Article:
Asbestos fibers may be released into the air by the disturbance of asbestos-containing material if they becomes damaged or deteriorate, or when demolition work is performed, or building or home maintenance, repair, and remodeling occur. In general, exposure may occur only when the asbestos-containing material is disturbed or damaged in some way and release dust,  particles or asbestos fibers into the ambient air.  

The most common way for asbestos fibers to enter the body is through breathing. In fact, asbestos containing material is not generally considered to be harmful unless it is releasing dust or fibers into the air where they can be inhaled, ingested, or absorbed. Please note asbestos fibers can remain in the ambient air for up to 96 hours.  Many of the fibers will become trapped in the mucous membranes of the nose and throat where they can then be removed, but some may pass deep into the lungs, or, if swallowed, into the digestive tract. Once they are trapped in the body, the fibers can cause health problems

“A&E Environmental exceeded my expectations. In a day and time when few businesses return your call, never mind arrive on time and complete the work in the timeframe quoted, A&E did that and more. When they finished the work, I asked many questions, all of which were answered in detail and by walking around our home showing me exactly what they did. From the front office staff to the actual workers, all were respectful, timely and did exactly what they said they’d do! Kudos to the entire company.”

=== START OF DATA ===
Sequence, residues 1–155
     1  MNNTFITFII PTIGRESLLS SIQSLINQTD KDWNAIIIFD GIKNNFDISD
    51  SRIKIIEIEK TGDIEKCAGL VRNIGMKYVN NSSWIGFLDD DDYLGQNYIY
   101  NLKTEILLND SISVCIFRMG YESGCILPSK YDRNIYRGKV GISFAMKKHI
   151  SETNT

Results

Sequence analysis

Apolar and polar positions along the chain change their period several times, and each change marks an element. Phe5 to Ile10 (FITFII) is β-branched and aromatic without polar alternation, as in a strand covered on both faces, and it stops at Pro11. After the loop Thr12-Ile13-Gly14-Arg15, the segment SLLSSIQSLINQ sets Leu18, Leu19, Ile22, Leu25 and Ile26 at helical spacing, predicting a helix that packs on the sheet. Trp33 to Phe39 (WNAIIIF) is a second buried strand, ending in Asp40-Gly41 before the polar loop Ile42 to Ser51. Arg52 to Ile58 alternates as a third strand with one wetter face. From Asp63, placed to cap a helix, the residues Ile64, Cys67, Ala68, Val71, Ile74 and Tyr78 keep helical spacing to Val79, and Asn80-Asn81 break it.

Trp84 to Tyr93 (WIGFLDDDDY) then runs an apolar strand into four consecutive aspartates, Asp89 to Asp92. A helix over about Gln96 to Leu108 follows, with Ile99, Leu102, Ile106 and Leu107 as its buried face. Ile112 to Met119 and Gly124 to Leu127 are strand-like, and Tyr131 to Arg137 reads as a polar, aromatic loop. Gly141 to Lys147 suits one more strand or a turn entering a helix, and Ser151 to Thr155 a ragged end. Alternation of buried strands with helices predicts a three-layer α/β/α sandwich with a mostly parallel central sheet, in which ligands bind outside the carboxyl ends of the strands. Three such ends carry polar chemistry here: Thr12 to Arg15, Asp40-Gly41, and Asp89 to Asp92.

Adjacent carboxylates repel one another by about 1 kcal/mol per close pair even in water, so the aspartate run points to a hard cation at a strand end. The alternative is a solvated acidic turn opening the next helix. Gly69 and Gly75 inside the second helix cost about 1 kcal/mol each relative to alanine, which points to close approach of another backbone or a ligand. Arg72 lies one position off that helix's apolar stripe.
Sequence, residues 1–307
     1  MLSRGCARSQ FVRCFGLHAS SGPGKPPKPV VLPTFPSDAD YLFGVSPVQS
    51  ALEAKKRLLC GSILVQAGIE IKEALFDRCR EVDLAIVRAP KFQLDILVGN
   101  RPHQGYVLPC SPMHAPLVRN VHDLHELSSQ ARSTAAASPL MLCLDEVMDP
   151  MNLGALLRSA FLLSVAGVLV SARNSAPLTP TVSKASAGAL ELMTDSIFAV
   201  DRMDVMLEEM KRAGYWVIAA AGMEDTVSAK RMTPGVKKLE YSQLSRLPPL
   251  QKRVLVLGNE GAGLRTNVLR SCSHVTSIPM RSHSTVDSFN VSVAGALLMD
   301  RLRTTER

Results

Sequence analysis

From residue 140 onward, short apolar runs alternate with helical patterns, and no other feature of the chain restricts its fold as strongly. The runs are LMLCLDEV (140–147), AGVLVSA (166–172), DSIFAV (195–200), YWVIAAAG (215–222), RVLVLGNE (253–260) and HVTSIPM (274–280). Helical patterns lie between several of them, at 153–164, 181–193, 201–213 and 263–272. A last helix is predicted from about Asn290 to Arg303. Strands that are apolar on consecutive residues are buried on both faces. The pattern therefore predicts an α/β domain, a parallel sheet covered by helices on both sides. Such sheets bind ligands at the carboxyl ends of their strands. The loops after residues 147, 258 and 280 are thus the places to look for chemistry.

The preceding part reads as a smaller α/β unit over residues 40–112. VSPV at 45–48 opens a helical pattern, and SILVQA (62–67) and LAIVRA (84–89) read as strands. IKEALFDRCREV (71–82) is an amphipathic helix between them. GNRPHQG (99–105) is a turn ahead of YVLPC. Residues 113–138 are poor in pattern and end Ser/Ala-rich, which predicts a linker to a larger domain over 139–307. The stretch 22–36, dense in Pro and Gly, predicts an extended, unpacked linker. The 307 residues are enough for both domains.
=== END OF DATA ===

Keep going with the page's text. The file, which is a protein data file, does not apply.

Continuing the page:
Health Effects From Exposure to Asbestos

Because it is so hard to destroy asbestos fibers, the body cannot break them down or remove them once they are lodged in lung or body tissues. They remain in place where they can cause disease.

There are three primary diseases associated with asbestos exposure: